In the case of the beaver, the impacts are particularly stark. With large areas of forest felled or flooded to build dams and lodges, displacing other species which would usually rely on them. The impact is so great that some scientists suggest this is the largest alteration to Tierra del Fuego’s forests in over 10,000 years!
Among the native species you could spot, there are the strikingly elegant black-necked swans, Magellanic woodpeckers, huemul deer, and many types of aquatic birds. This place is, as you may have guessed, a birder’s paradise. The birds here are beautiful and striking, enough that even I (not a birder!) found them very cool.
In search of whales
I spent a day hiking through the park with travellers I had met at my hostel. While we walked, we exchanged travel stories, ideas, and information, until something piqued my interest.
Apparently, there is a ferry which crosses the southernmost waters of the South American continent. Travelling from Puerto Williams (a village even further south than Ushuaia) all the way across to Punta Arenas. It’s said to encounter glaciers, rough and wild waters, and a multitude of whales along the way.
I got home that night and immediately started asking around. I needed to know if anyone staying in our hostel knew anything more…
TOP TIPS FOR WILDLIFE IN Tierra del Fuego
We’ll post a full page on WildSide soon. For now here are my top tips for wildlife watching in Tierra del Fuego:
- Humpback whale: Difficult – humpbacks are seldom seen from the shores of Tierra del Fuego, and it can be difficult to get yourself seabound to the places where they sometimes can be seen.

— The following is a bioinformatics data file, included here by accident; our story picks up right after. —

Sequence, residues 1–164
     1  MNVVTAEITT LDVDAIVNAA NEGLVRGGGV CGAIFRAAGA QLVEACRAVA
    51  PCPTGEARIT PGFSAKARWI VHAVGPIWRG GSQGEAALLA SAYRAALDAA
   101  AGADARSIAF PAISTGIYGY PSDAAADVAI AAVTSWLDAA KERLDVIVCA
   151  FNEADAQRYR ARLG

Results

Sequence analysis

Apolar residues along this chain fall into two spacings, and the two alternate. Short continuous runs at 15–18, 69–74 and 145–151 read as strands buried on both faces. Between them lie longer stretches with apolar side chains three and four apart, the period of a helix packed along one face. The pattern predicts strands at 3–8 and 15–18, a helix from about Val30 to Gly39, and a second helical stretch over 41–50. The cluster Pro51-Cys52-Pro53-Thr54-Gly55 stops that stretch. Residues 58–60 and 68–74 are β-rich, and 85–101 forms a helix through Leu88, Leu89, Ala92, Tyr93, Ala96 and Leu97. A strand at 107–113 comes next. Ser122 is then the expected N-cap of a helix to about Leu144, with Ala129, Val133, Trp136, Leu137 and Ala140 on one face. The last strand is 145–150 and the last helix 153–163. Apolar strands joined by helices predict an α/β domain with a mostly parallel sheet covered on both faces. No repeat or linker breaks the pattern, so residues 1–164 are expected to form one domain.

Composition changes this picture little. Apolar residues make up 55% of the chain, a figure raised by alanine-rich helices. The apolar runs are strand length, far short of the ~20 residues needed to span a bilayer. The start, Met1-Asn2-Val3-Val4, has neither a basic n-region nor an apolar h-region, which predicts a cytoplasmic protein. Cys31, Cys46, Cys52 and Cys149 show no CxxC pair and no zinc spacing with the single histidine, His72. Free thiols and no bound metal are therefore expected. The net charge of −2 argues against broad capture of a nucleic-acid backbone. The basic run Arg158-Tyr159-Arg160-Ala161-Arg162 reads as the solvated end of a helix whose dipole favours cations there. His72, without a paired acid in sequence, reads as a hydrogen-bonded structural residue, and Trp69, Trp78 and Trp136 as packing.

- Southern right whale: Difficult – as with humpbacks, it is hard to put yourself into position to view these majestic beasts, but a lucky sighting is possible!
- Condor: Easy – as in other areas of Patagonia, with a little persistence and time in nature, your chances of seeing these guys are good.
- Magellanic penguin: Easy – the most common penguins in Tierra del Fuego, if you book onto a tour from Ushuaia to Isla Martillo you will see plenty of these little guys.
- Gentoo penguin: Moderate – slightly less common than Magellanic Penguins, but equally cute. You can easily catch these guys waddling, diving, and yaking (yes, penguins yak), all day long.
- King penguin: Difficult – tours from Ushuaia don’t guarantee sightings, when I visited there was a single pair on the island.
- Sea lion: Easy – sign up to the right boat trip and you’ll quickly be overwhelmed by the sights and sounds of a hundred squabbling sea lions.
- Rhea: Easy – the Rhea, a kind of Patagonian emu, can be seen along the roads around Tierra del Fuego.
- Magellanic woodpecker: Moderate – a large woodpecker with a distinctive bright red head. I guess these guys have been hitting the wood a little too hard…
- Black-browed albatross: Easy – with a wingspan up to 2.4 metres, if there’s one around you aren’t going to miss it!